These guys have sold a lot of records (or at least a lot of people have downloaded their records).  My guess is that a true survey of Radiohead album owners would reveal that a good 80% of them bought it because "my buddy who's really into music turned me onto them."  And honestly, they don't get it.  Radiohead is the Velvet Underground of the 2000's.  You know you're supposed to like them, but it is frustrating that they persist in sucking so much that this becomes difficult. 

Interestingly, right after Radiohead ran out of konbs to play with, an R.E.M. video came on.  It's a recent song, one I'm not familiar with.  It's good.  My guess is that if  I gave A-level Radiohead guy the next 300 years, he couldn't cough up one song equal to what Michael Stipe shits out the morning after a double-bean burrito.   And I'm not necessarily a big R.E.M. fan - I'm just saying.

Thursday, August 14, 2008

Home Again, Home Again

Our great perambulation is over.  We're back to the delightfully high humidity of Houston, and trying to get organized for the imminent arrival of the new school year. 

Overall, the trip was great.  The girls get an A for their efforts at staying sane in the car with us for 3 days on the way up and 4 days on the way back.  Apparently a continual stream of animated movies, a pool, and free breakfast muffins are sufficient to keep them from blowing a gasket. 

Here's the breakdown on our trip.  We were gone for 23 days, 22 nights.  Of those 22 nights, we (Kirstin and I) spent them in:
Plainfield, NJ (7)
Beach Haven, NJ (7)
Providence, RI (3)
Little Rock, AK (1)
Nashville, TN (1)
Salem, VA (1)
Chattanooga, TN (1)
New Orleans, LA (1)

To fully evaluate the trip, I've made a list of pro's and con's.

PRO: Being at the beach in NJ.   7 days of hanging out on the sand, sitting outside on the deck, and bobbing around in the water.

PRO: Wearing a sweatshirt because it was actually cold at night.

CON: The water temperature in NJ was about 60 degrees.  "Bracing" is a kind word.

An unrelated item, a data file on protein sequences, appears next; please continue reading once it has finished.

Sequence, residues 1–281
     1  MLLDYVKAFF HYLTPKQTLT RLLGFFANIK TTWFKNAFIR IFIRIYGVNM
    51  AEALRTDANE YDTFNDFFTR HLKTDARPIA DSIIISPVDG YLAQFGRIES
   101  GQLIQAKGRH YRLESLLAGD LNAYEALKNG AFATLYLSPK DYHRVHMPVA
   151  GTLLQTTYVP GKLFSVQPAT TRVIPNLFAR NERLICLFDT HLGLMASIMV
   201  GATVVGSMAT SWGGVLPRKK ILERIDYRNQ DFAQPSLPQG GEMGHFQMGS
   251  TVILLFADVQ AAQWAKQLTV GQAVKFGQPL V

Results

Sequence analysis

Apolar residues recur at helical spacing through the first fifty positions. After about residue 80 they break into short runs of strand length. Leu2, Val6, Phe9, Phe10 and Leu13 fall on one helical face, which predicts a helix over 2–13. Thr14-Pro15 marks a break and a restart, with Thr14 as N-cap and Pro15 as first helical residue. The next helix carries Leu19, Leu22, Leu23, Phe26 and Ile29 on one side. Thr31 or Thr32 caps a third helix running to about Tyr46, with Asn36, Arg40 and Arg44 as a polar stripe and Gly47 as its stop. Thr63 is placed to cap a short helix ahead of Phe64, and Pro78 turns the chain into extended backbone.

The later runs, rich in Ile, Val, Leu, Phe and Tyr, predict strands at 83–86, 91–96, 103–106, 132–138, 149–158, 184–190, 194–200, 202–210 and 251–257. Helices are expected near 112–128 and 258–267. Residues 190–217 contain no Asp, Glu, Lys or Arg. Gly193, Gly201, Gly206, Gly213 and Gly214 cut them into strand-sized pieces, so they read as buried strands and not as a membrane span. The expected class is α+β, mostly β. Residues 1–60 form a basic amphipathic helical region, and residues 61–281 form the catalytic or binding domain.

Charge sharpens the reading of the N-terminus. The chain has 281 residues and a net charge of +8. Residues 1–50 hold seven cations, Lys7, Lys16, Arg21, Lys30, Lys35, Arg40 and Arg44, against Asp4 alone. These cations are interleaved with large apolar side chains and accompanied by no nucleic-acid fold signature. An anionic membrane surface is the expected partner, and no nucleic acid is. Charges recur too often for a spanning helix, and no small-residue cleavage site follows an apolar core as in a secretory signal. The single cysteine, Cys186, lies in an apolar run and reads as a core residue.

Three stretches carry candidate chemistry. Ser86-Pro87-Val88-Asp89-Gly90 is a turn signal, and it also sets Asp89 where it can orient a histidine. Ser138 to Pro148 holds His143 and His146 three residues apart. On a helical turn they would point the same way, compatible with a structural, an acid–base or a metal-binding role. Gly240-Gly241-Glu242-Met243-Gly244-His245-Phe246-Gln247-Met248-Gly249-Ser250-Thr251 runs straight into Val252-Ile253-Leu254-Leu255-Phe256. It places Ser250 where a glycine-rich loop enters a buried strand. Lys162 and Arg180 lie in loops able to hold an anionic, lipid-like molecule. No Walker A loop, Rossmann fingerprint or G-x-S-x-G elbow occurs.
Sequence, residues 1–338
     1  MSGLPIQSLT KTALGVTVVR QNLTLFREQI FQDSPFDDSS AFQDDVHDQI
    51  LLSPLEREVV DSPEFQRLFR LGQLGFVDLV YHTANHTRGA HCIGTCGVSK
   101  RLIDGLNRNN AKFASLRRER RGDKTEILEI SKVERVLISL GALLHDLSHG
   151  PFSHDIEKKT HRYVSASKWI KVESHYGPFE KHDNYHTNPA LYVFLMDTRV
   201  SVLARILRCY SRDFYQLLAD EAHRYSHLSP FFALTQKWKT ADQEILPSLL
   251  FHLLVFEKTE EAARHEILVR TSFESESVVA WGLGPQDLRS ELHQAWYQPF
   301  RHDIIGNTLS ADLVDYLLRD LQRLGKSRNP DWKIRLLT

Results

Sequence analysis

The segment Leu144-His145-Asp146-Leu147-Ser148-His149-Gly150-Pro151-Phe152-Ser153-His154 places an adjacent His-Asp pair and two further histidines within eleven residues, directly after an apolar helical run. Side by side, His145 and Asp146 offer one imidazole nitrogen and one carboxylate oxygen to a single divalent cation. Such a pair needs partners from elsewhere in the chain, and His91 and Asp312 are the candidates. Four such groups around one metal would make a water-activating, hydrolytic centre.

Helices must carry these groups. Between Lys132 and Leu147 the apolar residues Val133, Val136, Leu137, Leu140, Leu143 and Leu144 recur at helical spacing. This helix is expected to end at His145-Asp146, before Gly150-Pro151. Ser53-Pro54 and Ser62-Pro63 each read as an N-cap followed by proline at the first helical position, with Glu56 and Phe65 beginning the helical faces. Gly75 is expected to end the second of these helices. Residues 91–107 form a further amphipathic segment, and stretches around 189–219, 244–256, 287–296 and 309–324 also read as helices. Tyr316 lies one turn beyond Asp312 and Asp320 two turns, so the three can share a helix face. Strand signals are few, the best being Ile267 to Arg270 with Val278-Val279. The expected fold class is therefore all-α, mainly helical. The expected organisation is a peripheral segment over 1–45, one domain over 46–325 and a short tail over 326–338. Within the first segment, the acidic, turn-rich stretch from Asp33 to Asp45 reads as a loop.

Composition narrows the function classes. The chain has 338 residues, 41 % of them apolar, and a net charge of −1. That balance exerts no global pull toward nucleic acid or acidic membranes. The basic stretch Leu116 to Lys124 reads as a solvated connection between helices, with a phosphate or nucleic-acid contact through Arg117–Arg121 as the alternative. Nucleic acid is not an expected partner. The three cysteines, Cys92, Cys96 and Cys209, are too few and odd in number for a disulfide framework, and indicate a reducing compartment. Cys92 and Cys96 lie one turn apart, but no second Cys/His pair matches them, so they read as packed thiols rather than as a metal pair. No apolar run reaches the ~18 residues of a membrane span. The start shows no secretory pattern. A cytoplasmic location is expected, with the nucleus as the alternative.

PRO: Mrs. Rowe's, in Staunton, VA has great pie.

PRO: Eastern Tennessee, northern Alabama, and southwestern Virginia.  In other words, driving through the Appalachian Mountains, which are beautiful.

CON: Western Louisiana.  Possibly the most boring drive I've ever been on.

PRO: Barbie movies.  Yes, I said it.  They are a pro.  Why?  Because Abby and Maddie will absolutely zone out for 90 minutes watching one of these.

CON:  Madeline throwing up all over Kirstin (twice) and me (once) the night in New Orleans.  Once again, a big apology to Uncle Jason for abusing one of his blankets so badly.

PRO: Chattanooga.  We had a good time.  We rode the incline railroad up to the top of Lookout Mountain, and did indeed see 6 different states.  Got some great barbecue at Sticky Fingers.  The hotel had a "hot, bubbly pool" (a whirlpool) and we got free room service breakfast. 

CON:  Bumble-f*$&, Mississippi, where we tried to stop for gas.  We pulled off because there was a BP sign.  Once off the interstate, all we find is a decrepit old shell of a gas station.  Two miles down the road we finally run into some decrepit old dollar store, but at least they are open and can let Kirstin use the bathroom.  Seriously, central Mississippi looks like it is barely part of the same country.

PRO: The Waffle House.  It's greasy, it's not very clean, but those are some good waffles.

PRO: Peanut butter and jelly.  We made a really concious effort to not eat fast food, and so we brought along  our own sandwich materials and did lots of snacks and lunches out of our cooler.  We also stopped and got out of the car each time we ate, which was huge in keeping the car from becoming a cesspit. 

PRO: Providence.  We went there for our anniversary trip, and it was fun to see Rhode Island again.  The people who bought our house painted it pale yellow, but it looks nice.  We got to eat at Al forno, the great Italian place, and found an excellent breakfast spot (The Brickway). 

CON: Aidan's.  This was our weekly Irish bar hangout in Bristol, RI, and we were looking forward to stopping in and sitting ont he porch for a while.  However, it's being rehabbed and was closed.  Damn you Aidan!

Alright, I think that is enough for now.  The trip was great, and the pro's are definintely better than the con's.  I don't want to get back in a car any time soon, but I'd even consider doing this again next year.